When we came back from our trip to France two weeks ago, along with the copper kugelhopf tins, bottles of olive oil and plaits of pink garlic, I stuffed into my luggage a plastic bag filled with walnuts – a gift from the man at the brocante from whom I’d bought the cake tins.
They’ve been sitting in a bowl in the kitchen ever since, a nutcracker poised hopefully on top. I’ve made the odd crack-and-grab raid, snatching one or two as I walk past, or nibbled a few after dinner with some cheese. But I have been longing to make a cake. Not a classic coffee and walnut cake – though I love that – but a very simple thing. I wanted a low, plain cake, one that would allow the creamy lusciousness of the fresh walnuts to shine – at least enough to make the shelling of them worth it.
So on Saturday, I sat in my kitchen, rhythmically shelling 500g or so of walnuts, sending shards of shell onto high shelves and skittering across the floor, much to the excitement of the cat. As I cracked, and picked and extracted the meat from the nuts, I watched the news from Paris on the television.
I have loved France, the fantasy of it and the complicated reality of it, ever since I first visited Paris with my school when I was 10. I sit here typing and deleting, typing and deleting, finding it impossible to convey my deep affection for a country which has helped form me almost as much as the one that birthed me. What Ian McEwen had to say here expresses it. And this much-shared segment from John Oliver’s Last Week Tonight on HBO… well, I was just cheering my head off at this.
‘If you are in a war of culture and lifestyle with France, good fucking luck. Go ahead. Bring your bankrupt ideology. They’ll bring Jean Paul Sartre, Edith Piaf, fine wine, Gauloise cigarettes, Camus, Camembert, madeleines, macarons, Marcel Proust and the fucking croquembouche.’
For the cake:
I took my inspiration from this recipe from the very useful site of the French food magazine Marmiton. I love it. I hope you do too. I tried serving it in several ways. With poached quince and quince ice cream after Sunday lunch, with cream and then with thick Turkish yoghurt, but really it’s best with nothing at all, just by itself, with perhaps a glass of sweet wine or rum to sip along with it.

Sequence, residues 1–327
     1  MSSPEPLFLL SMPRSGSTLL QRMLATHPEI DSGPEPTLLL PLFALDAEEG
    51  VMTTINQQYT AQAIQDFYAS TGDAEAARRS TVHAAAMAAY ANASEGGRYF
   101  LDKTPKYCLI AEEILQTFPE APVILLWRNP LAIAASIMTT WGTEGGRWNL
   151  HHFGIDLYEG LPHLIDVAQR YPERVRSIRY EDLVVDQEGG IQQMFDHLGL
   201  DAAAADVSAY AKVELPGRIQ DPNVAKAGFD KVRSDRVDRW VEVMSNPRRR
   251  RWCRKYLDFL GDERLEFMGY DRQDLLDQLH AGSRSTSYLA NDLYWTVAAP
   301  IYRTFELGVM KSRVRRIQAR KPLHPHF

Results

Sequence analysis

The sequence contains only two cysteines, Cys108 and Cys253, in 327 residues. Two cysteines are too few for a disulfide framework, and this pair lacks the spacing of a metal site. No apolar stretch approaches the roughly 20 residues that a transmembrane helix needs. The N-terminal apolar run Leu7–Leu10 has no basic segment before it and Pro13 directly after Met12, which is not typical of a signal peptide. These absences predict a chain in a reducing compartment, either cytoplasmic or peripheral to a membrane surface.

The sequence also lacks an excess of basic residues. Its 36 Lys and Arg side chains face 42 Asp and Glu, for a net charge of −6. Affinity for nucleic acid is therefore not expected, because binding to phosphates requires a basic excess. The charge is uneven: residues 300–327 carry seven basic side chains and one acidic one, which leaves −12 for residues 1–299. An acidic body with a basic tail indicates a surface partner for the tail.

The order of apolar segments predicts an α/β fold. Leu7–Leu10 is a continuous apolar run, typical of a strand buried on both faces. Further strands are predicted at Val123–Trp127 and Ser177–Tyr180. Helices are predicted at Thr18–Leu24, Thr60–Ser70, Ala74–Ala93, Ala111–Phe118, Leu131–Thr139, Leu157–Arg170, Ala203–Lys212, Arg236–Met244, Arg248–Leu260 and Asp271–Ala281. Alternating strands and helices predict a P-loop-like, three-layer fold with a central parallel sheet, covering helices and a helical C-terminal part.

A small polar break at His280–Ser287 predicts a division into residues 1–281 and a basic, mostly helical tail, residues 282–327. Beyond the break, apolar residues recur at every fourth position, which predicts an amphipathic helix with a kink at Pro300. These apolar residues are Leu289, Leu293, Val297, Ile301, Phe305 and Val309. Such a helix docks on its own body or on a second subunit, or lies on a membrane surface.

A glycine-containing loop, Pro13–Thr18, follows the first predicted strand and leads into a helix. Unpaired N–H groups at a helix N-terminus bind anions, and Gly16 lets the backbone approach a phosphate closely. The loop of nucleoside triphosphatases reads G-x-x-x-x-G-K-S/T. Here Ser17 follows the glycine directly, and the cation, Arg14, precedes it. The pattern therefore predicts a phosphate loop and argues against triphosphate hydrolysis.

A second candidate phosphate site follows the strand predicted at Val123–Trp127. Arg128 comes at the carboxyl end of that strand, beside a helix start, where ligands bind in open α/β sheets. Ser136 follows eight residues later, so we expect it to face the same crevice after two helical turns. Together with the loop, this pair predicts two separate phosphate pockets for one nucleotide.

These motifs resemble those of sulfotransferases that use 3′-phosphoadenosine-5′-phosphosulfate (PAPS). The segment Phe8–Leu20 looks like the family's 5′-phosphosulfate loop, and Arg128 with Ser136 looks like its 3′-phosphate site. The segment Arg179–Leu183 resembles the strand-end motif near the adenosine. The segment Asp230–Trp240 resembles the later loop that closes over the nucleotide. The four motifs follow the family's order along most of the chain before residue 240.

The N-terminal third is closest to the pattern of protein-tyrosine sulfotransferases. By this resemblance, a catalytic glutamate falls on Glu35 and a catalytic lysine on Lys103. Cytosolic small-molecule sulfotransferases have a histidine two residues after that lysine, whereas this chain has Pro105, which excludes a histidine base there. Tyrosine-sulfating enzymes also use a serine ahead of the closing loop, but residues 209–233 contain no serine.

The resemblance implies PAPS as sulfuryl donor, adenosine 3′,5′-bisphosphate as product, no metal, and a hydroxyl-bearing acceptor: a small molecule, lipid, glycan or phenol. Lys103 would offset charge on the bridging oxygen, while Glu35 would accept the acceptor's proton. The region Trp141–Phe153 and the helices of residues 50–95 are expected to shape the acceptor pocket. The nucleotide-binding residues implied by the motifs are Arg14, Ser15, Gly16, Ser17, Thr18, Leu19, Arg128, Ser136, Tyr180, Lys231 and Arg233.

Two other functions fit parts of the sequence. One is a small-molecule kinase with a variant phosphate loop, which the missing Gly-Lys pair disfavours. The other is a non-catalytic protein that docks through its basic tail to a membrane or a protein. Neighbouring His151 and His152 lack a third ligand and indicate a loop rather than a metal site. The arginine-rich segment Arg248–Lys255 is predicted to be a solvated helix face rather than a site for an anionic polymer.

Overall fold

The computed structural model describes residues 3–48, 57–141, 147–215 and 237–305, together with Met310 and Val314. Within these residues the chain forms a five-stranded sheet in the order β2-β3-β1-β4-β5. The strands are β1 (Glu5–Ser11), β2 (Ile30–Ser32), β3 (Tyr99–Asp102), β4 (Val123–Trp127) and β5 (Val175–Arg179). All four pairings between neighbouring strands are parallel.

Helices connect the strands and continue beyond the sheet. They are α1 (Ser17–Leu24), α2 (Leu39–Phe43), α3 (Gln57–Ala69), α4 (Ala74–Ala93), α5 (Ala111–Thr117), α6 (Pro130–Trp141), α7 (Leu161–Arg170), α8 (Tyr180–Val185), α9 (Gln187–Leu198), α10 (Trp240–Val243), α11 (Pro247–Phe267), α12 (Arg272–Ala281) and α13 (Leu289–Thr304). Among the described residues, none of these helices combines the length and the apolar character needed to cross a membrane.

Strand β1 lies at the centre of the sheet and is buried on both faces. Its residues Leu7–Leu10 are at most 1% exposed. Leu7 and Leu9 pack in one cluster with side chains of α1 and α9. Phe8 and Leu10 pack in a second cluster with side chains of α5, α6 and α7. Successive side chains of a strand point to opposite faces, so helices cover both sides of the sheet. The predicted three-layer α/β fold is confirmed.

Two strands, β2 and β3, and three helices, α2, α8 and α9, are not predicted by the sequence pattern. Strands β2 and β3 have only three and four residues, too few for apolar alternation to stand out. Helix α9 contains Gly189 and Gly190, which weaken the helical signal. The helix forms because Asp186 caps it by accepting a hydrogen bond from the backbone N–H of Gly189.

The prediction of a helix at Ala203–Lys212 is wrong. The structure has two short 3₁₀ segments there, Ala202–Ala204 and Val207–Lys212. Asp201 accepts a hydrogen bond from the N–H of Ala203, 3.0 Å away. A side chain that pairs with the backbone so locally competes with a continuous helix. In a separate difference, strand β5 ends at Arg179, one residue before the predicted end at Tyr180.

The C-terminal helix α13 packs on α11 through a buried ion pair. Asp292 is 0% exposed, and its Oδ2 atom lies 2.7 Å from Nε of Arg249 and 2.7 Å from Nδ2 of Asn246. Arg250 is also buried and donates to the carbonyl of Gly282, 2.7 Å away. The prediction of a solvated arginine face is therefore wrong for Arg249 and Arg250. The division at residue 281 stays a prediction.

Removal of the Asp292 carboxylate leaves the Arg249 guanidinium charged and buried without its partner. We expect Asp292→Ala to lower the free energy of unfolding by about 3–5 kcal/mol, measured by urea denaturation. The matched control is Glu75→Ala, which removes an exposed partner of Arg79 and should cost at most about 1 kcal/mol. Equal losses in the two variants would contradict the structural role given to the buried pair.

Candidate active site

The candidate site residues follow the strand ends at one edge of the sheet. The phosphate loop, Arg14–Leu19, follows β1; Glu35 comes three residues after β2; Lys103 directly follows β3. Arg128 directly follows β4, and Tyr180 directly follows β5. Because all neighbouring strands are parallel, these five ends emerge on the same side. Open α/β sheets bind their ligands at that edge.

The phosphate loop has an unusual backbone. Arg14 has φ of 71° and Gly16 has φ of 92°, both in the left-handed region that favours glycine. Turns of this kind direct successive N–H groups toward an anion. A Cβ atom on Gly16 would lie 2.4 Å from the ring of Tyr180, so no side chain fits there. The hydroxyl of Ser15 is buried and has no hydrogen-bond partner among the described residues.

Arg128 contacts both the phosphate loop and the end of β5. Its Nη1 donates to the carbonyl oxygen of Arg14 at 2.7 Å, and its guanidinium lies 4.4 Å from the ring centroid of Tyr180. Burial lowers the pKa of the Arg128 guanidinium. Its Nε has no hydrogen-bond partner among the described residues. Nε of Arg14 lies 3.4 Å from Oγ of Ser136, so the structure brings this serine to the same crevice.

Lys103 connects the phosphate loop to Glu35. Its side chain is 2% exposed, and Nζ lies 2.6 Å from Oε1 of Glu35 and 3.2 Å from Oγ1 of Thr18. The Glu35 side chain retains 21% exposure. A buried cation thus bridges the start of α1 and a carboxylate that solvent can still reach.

100g unsalted butter, softened, plus a little more for greasing the tin
160g shelled walnuts, from about 500g whole nuts if you’re shelling them yourself
140g caster sugar or vanilla sugar
40g plain flour
½ tsp flaky sea salt
2 tbsps rum
Preheat the oven to 180°C/160°C Fan/Gas 4.Lightly butter the bottom and sides of a loose-bottomed 21cm cake tin. Line the base with parchment and butter the parchment.
Reserve 8-10 perfect walnut halves to finish the cake – if you like, leave them off if you think this is just far too much adornment. Put the rest of the walnuts into a food processor and pulse until most of the mixture is quite fine (you still want a few small chunks in it). Tip a third of the sugar into the processor and pulse once to blend. It should have the texture of slightly gritty sand. Of course, you can chop the nuts finely on a chopping board with a large knife if you like.
Beat together the butter and remaining sugar until light and fluffy. Beat in the walnut mixture, then add the eggs one at a time, mixing well after each addition. Stir in the rum then gently fold in the flour and salt until just combined.
Spoon the mixture into the prepared tin and arrange the walnut halves on top. Bake for 25-30 minutes, until a toothpick inserted into the middle of the cake comes out clean. It should be lightly golden on the surface but don’t overbake it – you want it to remain soft in the middle.
Place the tin on a rack and leave the cake to cool completely before removing it. It keeps quite well for a few days in an airtight container.